Not well-known and infrequently performed, Coriolanus is considered Shakespeare's farewell to the tragic genre, and is often viewed as a disappointing departure. In this most political of plays, the warrior-hero Coriolanus is noted for his personal integrity, his military ambition and devotion to Rome's martial reputation, and his disdain for the Roman plebeians. In assessing the play's nonsuccess as tragedy, many critics point to Coriolanus's shortcomings as a tragic hero. Some commentators suggest that his attitudes and ambitions are such that he deserves his fate—murder at the hands of his lifelong enemy and rival Aufidius. Other examinations of character focus on Coriolanus's relationship to his mother, Volumnia, who successfully pleads with her son to spare Rome, even at the cost of his own life. The conflicted relationship between the ruling class in Rome and the city's plebeians is often compared to the political situation in Shakespeare's own time, when landless and poor workers violently protested their growing economic disenfranchisement. Like the play's plebeians, whose major complaint is hunger, the laboring class participating in the Midlands Insurrection of 1607 feared starvation as a result of being economically disempowered. The extent to which the play’s language and imagery address such political issues is also a focus of critical analyses.
In addressing questions surrounding the genre of the play, Richard C. Crowley (1974) demonstrates the way in which Coriolanus relies on the epic form as well as the dramatic genre of tragedy. The critic examines a study of sixteenth-century literary theory and suggests that the practice of melding elements of drama and epic was not unheard of. Furthermore, Crowley explores the ways in which the play's imagery supports the comparison of Coriolanus to epic heroes, and argues that the nature of the conflict between love and honor further supports the play's epic qualities. Paul Dean (1991) highlights what he argues are the truly tragic elements of the play, stressing that the tragedy lies in the fact that the political forces at work in the play cannot be extracted from the very human characters who must manage and direct these forces. According to the critic, Coriolanus's emotions and his political awareness are permanently intertwined. Like Dean, Robin Headlam Wells (2000) does not question Coriolanus's tragic nature, commenting that like the rest of Shakespeare's tragic heroes Coriolanus serves as a warning of the “seductive charm of the charismatic hero.” Wells additionally comments on the parallel relationship between the play's treatment of such issues as heroism, chivalry, war and peace, and the views of Jacobean England on these topics.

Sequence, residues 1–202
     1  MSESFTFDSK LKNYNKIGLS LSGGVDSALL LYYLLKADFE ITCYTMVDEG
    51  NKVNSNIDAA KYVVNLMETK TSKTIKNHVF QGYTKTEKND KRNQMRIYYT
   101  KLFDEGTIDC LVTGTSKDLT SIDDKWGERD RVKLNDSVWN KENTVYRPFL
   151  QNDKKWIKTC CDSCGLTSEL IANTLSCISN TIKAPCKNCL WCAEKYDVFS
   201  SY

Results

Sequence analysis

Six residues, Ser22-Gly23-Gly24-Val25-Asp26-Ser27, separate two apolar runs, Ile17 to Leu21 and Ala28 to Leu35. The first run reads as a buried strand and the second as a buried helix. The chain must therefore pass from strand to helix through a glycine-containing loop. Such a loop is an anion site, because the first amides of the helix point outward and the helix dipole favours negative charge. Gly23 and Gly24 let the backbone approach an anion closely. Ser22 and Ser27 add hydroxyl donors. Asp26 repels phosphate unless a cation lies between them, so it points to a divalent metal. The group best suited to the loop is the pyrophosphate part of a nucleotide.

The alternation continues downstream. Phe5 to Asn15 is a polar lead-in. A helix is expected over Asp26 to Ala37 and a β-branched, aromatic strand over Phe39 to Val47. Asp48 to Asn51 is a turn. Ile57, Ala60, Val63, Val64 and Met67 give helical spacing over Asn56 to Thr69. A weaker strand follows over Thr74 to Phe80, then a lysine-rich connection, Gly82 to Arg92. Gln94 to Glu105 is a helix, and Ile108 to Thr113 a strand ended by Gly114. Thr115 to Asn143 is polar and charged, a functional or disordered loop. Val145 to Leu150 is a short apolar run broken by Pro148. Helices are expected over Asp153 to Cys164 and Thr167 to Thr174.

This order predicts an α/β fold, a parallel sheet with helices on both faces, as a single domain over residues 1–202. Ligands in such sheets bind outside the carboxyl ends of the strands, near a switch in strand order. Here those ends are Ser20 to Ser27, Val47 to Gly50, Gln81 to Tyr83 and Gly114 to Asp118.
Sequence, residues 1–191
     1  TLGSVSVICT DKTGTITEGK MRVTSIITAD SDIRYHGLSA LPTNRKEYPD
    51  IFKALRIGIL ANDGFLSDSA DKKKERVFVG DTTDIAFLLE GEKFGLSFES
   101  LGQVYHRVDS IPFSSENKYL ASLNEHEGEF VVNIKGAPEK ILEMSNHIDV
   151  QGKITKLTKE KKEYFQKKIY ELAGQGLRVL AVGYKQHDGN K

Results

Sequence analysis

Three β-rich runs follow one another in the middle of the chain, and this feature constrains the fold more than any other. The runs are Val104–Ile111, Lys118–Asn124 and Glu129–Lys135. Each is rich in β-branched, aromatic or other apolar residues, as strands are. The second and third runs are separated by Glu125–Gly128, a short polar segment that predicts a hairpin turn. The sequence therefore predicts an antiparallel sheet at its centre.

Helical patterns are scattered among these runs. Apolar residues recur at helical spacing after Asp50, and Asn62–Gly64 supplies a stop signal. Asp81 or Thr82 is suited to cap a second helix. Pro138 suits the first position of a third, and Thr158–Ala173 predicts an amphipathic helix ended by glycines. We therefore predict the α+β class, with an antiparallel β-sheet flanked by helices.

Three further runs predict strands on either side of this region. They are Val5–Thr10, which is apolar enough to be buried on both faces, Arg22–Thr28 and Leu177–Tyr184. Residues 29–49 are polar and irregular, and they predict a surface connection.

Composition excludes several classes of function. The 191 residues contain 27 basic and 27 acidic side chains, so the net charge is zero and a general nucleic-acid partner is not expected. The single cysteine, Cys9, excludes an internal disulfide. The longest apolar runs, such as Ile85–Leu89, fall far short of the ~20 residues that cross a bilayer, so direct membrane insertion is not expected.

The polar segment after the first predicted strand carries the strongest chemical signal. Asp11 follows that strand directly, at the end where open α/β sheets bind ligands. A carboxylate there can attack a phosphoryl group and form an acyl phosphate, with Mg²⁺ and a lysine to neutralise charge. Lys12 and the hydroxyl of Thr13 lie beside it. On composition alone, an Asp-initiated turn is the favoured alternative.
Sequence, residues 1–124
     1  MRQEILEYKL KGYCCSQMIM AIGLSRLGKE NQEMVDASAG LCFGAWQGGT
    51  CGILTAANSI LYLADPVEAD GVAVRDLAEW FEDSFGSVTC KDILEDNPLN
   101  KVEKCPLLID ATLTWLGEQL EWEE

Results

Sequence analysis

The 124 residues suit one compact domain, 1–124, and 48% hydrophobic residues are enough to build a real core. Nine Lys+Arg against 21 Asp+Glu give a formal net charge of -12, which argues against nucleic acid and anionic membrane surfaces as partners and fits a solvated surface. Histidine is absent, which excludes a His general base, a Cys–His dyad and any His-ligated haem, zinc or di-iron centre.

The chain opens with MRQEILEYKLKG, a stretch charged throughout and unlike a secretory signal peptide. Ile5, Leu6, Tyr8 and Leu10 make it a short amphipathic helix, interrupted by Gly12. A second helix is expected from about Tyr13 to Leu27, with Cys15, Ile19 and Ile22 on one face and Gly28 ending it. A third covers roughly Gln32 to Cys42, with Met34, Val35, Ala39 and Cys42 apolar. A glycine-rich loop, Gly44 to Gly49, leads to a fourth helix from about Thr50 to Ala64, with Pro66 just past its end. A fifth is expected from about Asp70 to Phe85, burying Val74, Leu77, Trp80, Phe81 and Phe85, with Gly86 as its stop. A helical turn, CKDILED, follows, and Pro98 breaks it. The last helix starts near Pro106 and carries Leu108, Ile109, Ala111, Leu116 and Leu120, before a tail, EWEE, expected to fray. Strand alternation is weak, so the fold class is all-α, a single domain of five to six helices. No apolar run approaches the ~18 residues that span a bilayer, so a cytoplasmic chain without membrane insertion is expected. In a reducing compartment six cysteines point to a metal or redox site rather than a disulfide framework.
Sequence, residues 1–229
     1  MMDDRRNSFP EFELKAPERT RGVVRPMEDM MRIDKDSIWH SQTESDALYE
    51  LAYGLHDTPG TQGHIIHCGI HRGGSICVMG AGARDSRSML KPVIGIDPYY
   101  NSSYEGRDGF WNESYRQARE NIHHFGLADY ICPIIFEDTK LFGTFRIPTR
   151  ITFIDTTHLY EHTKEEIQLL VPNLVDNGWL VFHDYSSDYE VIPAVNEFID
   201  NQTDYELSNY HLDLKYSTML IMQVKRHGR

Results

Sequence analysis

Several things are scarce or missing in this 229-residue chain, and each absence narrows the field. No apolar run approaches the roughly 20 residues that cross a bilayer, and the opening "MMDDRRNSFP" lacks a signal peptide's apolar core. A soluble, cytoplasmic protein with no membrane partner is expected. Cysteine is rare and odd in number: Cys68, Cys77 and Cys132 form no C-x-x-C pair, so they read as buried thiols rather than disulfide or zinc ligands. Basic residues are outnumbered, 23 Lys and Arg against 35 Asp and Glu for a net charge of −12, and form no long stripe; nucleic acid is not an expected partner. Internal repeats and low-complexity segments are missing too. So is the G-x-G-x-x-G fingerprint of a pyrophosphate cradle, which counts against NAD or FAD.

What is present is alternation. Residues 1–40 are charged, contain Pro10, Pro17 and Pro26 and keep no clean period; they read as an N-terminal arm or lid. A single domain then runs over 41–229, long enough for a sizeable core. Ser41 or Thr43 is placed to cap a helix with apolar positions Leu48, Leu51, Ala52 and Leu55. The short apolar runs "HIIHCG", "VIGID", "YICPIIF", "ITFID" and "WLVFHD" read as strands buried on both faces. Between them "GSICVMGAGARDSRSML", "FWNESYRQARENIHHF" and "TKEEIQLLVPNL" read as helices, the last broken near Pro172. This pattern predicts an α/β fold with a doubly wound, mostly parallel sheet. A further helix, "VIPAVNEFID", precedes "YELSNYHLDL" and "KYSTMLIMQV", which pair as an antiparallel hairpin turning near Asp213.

Coriolanus's character and motivation serve as the subject of a variety of critical analyses. Robert N. Watson (1984) touches upon the psychology at work in the play, commenting upon the oedipal implications of Coriolanus's relationship with his mother, and on the play's suggestion that the Roman citizens fill the place of Coriolanus's absent father. Watson focuses in particular on the transformation of Coriolanus's ambition from the attainment of his “familial identity” to a doomed defiance of this identity. In an effort to explain the lack of sympathy for Coriolanus that the play inspires, Pradip K. Datta (1994) comments that in the absence of a full-length soliloquy there is little insight into Coriolanus's thinking. The paradox at the heart of Coriolanus's character, argues Datta, is the warrior's loathing of, and effort to accept, the political pragmatism practiced by the Roman elite. Returning to Volumnia and Coriolanus's relationship with her, Christina Luckyj (1991) reviews the critical opinions expressed about Coriolanus's mother, noting that Volumnia is accused of failing to nurture her son, and is often blamed for Coriolanus's masculine aggression and for his eventual murder by the Volscians. The critic, however, finds that Shakespeare presents Volumnia's motivation as both “complex and open-ended.” In defense of Volumnia, Luckyj argues that Coriolanus's death should be blamed on politics, not on his mother.